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Jumping right in: A swimmer at last
A novice finds success in the pool: I just swam
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Times intern Audrey Williams, who is learning to swim at age 23, dog paddles Thursday at Frances Meadows Aquatic Center in Gainesville, keeping her head above water with the help of a foam swim noodle. - photo by NAT GURLEY

Jumping right in

Times summer intern Audrey Williams never learned how to swim. She’s one of many adults who lack that skill, but thanks to some classes with the Red Cross this week and next, she’s learning how and sharing that experience in daily columns on and occasional columns in The Times.

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Until my adult swim lessons at the Frances Meadows Aquatic Center, there was no way I would go into a pool past my shoulders.

Pools, beaches, lakes — they all scared me.

Over the course of eight days, my swim lessons turned that fear into comfort.

My instructor, Max Sumner, eight years my junior, guided me along, one panic attack at a time.

“You need to relax,” he said. “Don’t think about what you can’t do. Think about what you can do.”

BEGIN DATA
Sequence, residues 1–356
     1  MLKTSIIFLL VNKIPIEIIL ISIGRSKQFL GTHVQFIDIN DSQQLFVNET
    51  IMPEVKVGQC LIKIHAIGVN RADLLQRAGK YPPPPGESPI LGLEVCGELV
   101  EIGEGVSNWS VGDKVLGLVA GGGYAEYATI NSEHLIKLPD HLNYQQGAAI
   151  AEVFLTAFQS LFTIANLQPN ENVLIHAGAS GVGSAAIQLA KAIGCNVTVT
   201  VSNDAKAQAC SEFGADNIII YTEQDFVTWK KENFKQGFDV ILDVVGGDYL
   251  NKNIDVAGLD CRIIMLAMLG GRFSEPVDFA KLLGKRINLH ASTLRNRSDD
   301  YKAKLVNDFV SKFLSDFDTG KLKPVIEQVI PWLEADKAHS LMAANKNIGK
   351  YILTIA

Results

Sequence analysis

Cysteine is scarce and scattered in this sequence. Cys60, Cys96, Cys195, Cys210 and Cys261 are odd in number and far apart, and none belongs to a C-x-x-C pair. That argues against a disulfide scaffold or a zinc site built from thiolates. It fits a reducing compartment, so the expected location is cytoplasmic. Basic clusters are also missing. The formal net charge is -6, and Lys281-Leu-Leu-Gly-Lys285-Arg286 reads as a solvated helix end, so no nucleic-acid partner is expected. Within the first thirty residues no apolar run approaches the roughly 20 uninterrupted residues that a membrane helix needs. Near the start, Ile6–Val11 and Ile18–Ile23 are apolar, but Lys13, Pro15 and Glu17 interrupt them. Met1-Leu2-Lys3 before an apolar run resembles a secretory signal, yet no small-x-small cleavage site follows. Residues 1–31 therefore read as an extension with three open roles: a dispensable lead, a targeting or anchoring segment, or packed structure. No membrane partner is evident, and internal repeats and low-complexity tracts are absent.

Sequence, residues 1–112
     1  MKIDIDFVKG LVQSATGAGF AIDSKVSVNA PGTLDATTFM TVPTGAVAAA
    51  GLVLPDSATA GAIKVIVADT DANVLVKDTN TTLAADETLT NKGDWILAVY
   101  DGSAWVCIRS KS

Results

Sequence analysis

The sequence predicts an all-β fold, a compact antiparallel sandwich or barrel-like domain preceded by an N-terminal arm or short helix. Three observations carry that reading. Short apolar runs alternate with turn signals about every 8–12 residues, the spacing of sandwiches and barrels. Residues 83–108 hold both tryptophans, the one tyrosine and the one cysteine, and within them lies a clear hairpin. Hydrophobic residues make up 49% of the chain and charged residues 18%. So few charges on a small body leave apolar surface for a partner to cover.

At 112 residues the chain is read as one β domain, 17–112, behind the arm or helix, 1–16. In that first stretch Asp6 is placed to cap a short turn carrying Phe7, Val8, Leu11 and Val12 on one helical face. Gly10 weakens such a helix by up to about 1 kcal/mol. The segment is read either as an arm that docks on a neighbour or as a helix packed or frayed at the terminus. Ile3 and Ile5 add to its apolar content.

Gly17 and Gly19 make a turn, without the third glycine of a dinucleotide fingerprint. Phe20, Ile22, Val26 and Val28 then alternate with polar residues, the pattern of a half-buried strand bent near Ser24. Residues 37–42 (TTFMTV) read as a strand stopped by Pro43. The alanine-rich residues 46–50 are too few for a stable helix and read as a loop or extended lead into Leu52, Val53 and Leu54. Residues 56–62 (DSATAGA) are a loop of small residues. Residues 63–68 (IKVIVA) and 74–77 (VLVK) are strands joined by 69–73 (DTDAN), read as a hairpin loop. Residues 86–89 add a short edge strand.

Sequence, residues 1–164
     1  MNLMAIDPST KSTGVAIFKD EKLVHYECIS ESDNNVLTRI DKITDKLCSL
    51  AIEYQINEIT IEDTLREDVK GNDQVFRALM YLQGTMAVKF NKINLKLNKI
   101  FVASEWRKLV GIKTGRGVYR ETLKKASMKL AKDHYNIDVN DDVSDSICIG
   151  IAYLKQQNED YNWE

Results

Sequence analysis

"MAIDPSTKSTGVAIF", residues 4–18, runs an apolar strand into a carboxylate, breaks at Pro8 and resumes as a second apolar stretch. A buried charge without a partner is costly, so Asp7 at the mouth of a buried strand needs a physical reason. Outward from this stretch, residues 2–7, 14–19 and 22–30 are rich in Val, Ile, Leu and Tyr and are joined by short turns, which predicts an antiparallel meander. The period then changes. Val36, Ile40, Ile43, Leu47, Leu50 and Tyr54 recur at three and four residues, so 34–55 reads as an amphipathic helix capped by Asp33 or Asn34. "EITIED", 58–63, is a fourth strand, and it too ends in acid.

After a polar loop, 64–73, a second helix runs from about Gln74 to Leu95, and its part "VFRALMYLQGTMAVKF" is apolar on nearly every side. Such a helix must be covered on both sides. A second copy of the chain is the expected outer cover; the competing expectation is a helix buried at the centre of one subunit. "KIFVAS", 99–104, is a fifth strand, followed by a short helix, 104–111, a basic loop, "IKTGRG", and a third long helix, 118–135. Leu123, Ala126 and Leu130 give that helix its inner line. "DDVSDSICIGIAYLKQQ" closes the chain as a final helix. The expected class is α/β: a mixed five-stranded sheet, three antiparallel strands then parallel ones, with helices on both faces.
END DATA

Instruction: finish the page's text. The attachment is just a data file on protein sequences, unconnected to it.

His calm and patient tone got me through learning how to float, how to hold my breath under water and how to breaststroke. For most of the lessons, I clung to a floatie, my safety net in the water.

By my last lesson, Sumner insisted I did not need it. I knew I’d made progress, but getting rid of my floatie was not something I was prepared to do.

“You’ve been swimming all along,” he said. “You don’t need it. You just think you do.”

I took my flotation noodle out from under my arms and followed his voice through the water.

“Move those hands,” he said. “Part the water. Kick bigger. Push the water away from you.”

The entire time I was kick-pushing, I was waiting for the moment I would sink, choking on water. It was my biggest fear and stopped me from swimming for the past 23 years.

But it never happened. I just swam.

My classmate, Cornelia Martin, Miss Cornelia as we called her, shared my fear.

“Sixty-one years I didn’t get in the water,” she said. “Now I don’t ever want to get out. I’m going to see about taking this class again.”

Miss Cornelia was my biggest cheerleader throughout the class, and on the last day we made plans to swim together again.

Before I left the pool for the last time, I asked Sumner if I should take more swim lessons.

“You’ve made amazing progress on your first class,” he said. “Imagine what you could do by your second class.”

He told me the key to my success was not because of technical skills, but because of the confidence I now had in the water.

“Now you can swim better than you could at the beginning,” he said. “You wouldn’t freak out if you went in the water.”

Losing control and panicking in the water is what leads to a lot of the accidents that occur during the summer, he said.

“The source of a lot of people drowning is them freaking out in the water,” he said. “When they freak out, they give up.”

If there was anything to take from the classes, he said, it would be to avoid that.

“Don’t give up,” he said. “Don’t give up and don’t freak out.”

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